The Blue Cross rightly point out that as your puppy will spend most of their time with humans, this is the most important part of your socialisation programme for your pup and should be experienced as early as possible in the right environment. At Paws in Work, we help to socialise your pups in a way that has their care and wellbeing at heart, socialising in controlled and clean environments, perfect for them to do some learning away from home.
bathing your puppy.
Like many kids, puppies may well be reluctant to have a bath, but just like with kids, once they’re in there, it can be fun! Your little pup may be concerned about the rushing water and the bubbles and the bath itself, after all, they’ve seen you submerged in it and may wonder why! Puppies are generally ok to be bathed after the age of 3 months according to Daily Puppy. Before then they can be bathed if they’re really stinky or get dirty, but for the most part, their mum will take care of that.
According to the Kennel Club, start the bathing routine by giving your dog a good brush so there are no knots or tangles. When starting to bathe your puppy, reassure them while you gently start to get them wet, adding a good doggy shampoo gradually to get them used to the smell and the feel of it. Wash their face separately from the rest of their body, as this can be a bit worrying for them at first. Keep reassuring them and speaking in gentle tones while you rinse the shampoo out. Carry on telling your puppy what a good dog they are while you gently dry them, and once dry, make sure there are hugs to let your puppy know what a great job they did.
taking your puppy to the vet.
A vet’s surgery is a very different environment to the home. It may have different animals and other dogs in the waiting room, the smells are different and there may be some distress when your canine companion is being examined. According to Pets at Home, it’s best to instil a positive acceptance of vets and the surgery itself from an early age. This way you can quash any fears of going there in the future. Visiting the vet isn’t just a matter of health for a puppy - its an essential step in their socialising and as such needs to be accepted as somewhere it’s fine to go to. Vets will need to touch and examine all areas of your pup during checks, so get them used to this from a young age so they are comfortable with your vet doing it as well.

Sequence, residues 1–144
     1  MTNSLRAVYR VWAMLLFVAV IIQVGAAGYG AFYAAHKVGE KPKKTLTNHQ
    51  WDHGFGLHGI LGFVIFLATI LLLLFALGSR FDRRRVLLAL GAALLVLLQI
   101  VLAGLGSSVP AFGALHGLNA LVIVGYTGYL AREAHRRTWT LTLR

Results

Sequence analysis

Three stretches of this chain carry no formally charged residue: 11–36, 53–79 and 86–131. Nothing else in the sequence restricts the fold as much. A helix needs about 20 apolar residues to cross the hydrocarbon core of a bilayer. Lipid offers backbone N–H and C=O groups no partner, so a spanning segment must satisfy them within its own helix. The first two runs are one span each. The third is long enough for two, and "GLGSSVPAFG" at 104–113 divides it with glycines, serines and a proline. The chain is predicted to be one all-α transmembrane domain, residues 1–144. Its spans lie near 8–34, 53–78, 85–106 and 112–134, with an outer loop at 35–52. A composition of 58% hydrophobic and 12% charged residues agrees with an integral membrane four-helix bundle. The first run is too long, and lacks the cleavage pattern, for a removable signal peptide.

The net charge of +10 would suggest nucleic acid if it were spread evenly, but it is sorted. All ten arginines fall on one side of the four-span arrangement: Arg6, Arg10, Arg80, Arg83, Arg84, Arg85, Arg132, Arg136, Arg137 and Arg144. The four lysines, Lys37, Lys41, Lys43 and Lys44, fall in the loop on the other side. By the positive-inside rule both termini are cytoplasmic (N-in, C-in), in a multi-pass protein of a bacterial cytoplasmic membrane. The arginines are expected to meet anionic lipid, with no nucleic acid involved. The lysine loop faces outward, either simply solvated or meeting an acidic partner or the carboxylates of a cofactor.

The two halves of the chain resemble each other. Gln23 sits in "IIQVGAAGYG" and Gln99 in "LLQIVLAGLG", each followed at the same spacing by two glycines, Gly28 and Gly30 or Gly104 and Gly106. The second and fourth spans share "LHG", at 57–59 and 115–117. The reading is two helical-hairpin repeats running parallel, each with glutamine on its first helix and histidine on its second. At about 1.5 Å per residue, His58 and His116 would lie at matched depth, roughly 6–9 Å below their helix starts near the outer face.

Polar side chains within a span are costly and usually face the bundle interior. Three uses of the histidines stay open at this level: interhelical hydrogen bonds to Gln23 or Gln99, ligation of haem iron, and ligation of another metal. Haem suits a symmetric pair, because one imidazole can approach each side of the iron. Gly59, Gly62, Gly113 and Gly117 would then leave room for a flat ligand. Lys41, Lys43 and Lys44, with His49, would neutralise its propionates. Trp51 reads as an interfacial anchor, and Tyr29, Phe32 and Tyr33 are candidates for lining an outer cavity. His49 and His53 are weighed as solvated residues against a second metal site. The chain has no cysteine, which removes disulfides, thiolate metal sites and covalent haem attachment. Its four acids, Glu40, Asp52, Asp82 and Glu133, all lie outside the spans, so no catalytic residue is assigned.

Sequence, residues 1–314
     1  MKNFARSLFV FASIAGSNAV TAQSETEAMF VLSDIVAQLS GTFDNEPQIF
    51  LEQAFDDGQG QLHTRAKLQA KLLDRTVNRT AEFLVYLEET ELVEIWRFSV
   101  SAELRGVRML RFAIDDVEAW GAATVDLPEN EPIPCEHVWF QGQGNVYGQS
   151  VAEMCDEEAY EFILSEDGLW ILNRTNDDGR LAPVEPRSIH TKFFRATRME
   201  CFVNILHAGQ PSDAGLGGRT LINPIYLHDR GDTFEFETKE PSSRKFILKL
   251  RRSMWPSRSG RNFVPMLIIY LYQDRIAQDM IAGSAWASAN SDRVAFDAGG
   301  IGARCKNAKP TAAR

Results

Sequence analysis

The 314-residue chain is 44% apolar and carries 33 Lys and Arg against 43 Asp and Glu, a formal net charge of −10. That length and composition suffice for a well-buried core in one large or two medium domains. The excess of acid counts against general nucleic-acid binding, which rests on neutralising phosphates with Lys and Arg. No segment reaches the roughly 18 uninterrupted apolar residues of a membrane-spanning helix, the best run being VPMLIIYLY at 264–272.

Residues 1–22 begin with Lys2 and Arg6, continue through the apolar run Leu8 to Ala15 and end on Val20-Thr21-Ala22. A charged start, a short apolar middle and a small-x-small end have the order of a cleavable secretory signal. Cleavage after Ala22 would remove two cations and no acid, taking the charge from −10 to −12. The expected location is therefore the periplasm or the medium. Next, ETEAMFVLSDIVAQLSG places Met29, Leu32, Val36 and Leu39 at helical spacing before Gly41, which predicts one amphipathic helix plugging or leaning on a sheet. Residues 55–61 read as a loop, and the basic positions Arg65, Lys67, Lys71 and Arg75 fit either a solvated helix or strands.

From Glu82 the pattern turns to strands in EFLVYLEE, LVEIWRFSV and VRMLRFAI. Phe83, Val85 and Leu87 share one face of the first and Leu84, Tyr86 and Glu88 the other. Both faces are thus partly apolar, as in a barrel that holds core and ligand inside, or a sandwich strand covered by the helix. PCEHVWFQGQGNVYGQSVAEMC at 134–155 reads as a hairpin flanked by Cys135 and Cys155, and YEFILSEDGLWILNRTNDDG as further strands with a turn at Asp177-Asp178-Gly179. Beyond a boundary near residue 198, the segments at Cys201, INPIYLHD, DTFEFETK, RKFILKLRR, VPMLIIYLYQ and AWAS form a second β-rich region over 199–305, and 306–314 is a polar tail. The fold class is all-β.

help your dog find their own space.
Young dogs can feel anxious if they don’t have somewhere to call their own in the home. Even if it’s just a dog bed with special toys or a loved blanket on it, a dog needs somewhere to retreat to. Don’t we all have a special spot we go to when life gets a bit much? Your puppy needs one too! Pets4homes say it should be comfy and somewhere a little out of the way in the home so your puppy can feel safe and happy in their little space. When you first set up the space, leave some favourite treats there to encourage your puppy to visit it and associate it with something nice.
There are lots of things that may concern your puppy. The best thing is to keep a look-out for the signs of what may be distressing them and think of how those issues can be gradually dealt with. Let your little doggy get used to things in their own time and they won’t feel pressured to deal with scary situations.
Whatever is worrying your puppy, you can work it out together, making your bond even stronger.